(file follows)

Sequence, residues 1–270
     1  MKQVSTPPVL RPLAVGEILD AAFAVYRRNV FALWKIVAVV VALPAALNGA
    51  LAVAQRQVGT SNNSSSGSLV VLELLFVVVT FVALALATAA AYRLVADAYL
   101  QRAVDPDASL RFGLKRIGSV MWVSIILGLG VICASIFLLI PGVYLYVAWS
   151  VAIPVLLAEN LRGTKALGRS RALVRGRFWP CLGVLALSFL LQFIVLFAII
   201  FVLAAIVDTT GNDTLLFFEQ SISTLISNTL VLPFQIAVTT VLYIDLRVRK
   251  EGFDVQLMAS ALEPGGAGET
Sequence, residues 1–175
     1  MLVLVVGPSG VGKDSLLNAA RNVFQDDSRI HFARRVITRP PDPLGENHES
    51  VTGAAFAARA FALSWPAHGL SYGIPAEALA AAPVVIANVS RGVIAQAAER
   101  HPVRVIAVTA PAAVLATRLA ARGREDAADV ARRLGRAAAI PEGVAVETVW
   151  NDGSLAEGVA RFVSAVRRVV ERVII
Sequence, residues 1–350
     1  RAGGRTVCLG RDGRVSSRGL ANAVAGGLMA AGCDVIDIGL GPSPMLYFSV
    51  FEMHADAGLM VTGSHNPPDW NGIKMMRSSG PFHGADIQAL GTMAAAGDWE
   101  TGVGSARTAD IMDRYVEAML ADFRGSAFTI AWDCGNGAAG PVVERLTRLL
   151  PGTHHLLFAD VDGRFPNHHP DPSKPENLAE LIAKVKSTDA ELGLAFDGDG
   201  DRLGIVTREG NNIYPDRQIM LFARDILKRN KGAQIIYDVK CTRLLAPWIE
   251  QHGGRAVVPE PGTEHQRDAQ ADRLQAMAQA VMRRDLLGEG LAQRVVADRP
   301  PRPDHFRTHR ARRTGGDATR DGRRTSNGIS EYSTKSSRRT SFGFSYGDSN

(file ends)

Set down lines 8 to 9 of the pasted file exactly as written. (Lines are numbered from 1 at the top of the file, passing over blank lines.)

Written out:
Sequence, residues 1–175
     1  MLVLVVGPSG VGKDSLLNAA RNVFQDDSRI HFARRVITRP PDPLGENHES